Texas

Texas

Judge Carolyn King

DPIC's Lethal Injection Page

Federal Judge Carolyn Dineen King Speaks on the Death Penalty at Red Mass
October 4, 2006 marked the annual liturgy held for members of the legal profession called the Red Mass. This year's keynote speaker in Corpus Christi, Texas, was Judge Carolyn Dineen King of the U.S. Court of Appeals for the Fifth Circuit. She chose to speak about the death penalty from both a legal and moral point

Statement by Catholic Bishops of Texas on Capital Punishment

October 20, 1997

As spiritual leaders in the community we Catholic Bishops of Texas are acutely aware of the violence in our state. Despite a growing reliance on longer sentences, more prisons, and more executions, our state's crime rate has escalated.

From The Texas Conference of Churches

Resolution Opposing the Death Penalty: Adopted unanimously by the General Assembly of the Texas Conference of Churches
February 24, 1998

WHEREAS the Texas Conference of Churches, in 1973 and 1977, and many of the churches and judicatories belonging to the Texas Conference of Churches have made clear statements in opposition to and calling for the abolition of the death penalty; and

Chicago Tribune: EXECUTED TEXAS MAN WAS LIKELY INNOCENT

Did this man die...for this man's crime?
From the Chicago Tribune (2006)
(http://www.chicagotribune.com/news/specials/broadband/chi-tx-htmlstory,0,7935000.htmlstory)

Part 1: 'I didn't do it. But I know who did
'

Part 2: A phantom, or the killer?


Part 3: Did one man die for another man's crime?



Part 1: `I didn't do it. But I know who did'

ABA President Calls for Stay of Texas Woman's Execution

LETTER OF ABA PRESIDENT MICHAEL GRECO TO TEXAS GOVERNOR RICK PERRY AND THE PARDONS BOARD CONCERNING THE UPCOMING EXECUTION OF FRANCES NEWTON

August 31, 2005

BY FAX: 512/463-1849
The Honorable Rick Perry
Office of the Governor
State Capitol
P.O. Box 12428
Austin, Texas 78711-2428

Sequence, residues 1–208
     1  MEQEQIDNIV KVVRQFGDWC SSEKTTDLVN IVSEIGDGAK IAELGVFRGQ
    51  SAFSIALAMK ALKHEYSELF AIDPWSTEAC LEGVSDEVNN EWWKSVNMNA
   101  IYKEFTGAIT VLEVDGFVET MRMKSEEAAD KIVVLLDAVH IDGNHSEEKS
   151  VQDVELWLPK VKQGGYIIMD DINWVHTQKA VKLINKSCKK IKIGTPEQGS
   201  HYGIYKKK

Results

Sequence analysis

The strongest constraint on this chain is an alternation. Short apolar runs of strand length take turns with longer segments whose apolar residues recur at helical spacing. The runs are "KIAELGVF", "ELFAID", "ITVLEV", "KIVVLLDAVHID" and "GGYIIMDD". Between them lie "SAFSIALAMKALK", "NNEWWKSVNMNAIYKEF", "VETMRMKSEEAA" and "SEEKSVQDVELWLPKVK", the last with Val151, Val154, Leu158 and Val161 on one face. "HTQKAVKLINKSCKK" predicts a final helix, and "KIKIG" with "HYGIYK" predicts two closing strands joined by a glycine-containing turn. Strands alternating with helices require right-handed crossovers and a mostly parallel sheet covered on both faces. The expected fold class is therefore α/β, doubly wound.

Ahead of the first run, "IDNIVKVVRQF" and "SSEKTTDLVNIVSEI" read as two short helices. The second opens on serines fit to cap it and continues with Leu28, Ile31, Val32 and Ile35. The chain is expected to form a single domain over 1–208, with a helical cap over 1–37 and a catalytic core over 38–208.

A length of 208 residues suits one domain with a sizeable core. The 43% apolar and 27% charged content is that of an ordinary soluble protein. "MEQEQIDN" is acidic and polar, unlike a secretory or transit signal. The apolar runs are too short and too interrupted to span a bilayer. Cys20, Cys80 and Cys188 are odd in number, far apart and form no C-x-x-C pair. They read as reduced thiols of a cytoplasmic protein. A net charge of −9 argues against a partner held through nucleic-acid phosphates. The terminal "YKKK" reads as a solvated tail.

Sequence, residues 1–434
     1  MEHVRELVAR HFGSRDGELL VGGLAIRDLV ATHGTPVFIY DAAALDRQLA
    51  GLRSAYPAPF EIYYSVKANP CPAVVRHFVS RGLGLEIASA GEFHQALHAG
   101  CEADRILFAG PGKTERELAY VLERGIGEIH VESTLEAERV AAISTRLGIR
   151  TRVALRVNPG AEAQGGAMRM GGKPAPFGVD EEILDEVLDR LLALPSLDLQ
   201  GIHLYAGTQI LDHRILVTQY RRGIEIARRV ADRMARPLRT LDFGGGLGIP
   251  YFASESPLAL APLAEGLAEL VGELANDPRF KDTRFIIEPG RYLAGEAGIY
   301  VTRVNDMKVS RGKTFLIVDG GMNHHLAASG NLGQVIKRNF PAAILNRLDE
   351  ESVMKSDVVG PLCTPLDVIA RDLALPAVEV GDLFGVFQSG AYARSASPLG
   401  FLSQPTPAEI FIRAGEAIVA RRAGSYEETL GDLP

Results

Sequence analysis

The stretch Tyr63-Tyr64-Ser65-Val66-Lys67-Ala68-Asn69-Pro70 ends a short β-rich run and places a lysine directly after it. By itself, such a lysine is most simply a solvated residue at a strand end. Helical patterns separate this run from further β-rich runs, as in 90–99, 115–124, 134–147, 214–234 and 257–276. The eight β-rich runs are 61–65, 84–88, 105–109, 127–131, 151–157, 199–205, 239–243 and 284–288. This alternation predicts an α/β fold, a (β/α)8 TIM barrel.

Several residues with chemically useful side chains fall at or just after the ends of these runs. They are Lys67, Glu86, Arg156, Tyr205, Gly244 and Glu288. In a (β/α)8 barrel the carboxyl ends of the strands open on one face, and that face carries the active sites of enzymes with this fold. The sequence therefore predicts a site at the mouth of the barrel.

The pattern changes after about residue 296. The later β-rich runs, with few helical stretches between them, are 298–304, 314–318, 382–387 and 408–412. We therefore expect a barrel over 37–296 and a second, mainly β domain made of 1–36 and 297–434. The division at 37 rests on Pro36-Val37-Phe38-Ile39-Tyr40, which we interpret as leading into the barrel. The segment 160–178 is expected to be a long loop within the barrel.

BY FAX: 512/463-8120
Chairwoman Rissie Owens
Texas Board of Pardons and Paroles
Executive Clemency Unit
Capital Section
P.O. Box 13401
Austin, Texas 78711

SCOTUS Declines to Rule on Foreign Nationals' Rights

SUPREME COURT DECLINES TO RULE ON RIGHTS OF FOREIGN NATIONALS ON DEATH ROW

Supreme Court The Supreme Court today dismissed as “improvidently granted” the case of Jose Medellin, a Mexican national on death row in Texas. In an unsigned decision, justices dismissed as premature the case in which Medellin argued that an opinion by the International Court of Justice (ICJ) entitled him and the 50 Mexican foreign nationals on death row in

QUESTIONS AND ANSWERS ABOUT MEDELLIN V. DRETKE

Continued from DPIC's home page:

Why is Medellin v. Dretke before the Supreme Court?

Most Mexicans on death row in the U.S. were denied their rights under the VCCR, and the government of Mexico brought a suit before the ICJ as provided in the Optional Protocol.  That lawsuit, brought on behalf of Medellin and 53 other Mexican nationals who had been sentenced to death in the United States, is referred to as the Avena case.

A Tale of Two Texas Cases

EXECUTED:  Cameron Willingham, executed in Texas in 2004 for an arson that killed his three children. He steadfastly maintained his innocence.
FREED:  Ernest Willis, freed from death row in Texas in 2004 after the arson investigation that led to his conviction was discredited.

There are many similarities between these two alledged arson cases from Texas. The main difference is that one resulted in an execution, the other in the inmate being freed.

Some similarities in the cases:

  • Both convictions were based upon the theory that accelerants were used, indicating that the fires were intentionally set.
  • Both convictions were based on speculative interpretations of "crazed glass" that was found at the crime scene.  The splintered glass was originally believed to be caused by an accelerant spray. However, crazed glass may also occur when cold water that is used to put out a fire hits hot glass.
  • The deputy state fire marshal, Manuel Vasquez, testified to similar conclusions in both cases.
  • The convictions were only five years apart (Willingham in 1987, Willis in 1992).  Both were appealed to the Texas Court of Criminal Appeals, and both were denied.
  • In both cases, reinvestigations of the evidence by fire expert Gerald Hurst stated that the burn patterns and residue were consistent with "flash over," a phenomenon unique to electrical fires, rather than being attributable to arson.
  • According to an investigation by the Chicago Tribune, Wilingham's and Willis' cases were "nearly identical" based upon investigations by Hurst and Louisiana fire chief Kendall Ryland.  Then- Texas deputy fire marshall Edward Cheever has admitted, since the Hurst investigation and Willingham's execution, that "we were still testifying to things that aren't accurate today. They were true then, but they aren't now... Hurst was pretty much right on. ... We know now not to make those same assumptions."  (Chicago Tribune, December 9, 2004)
  • One key difference in the two cases was that Ernest Willis was represented in his federal appeals by the high-profile law firm of Latham & Watkins, which represented Willis without charge.

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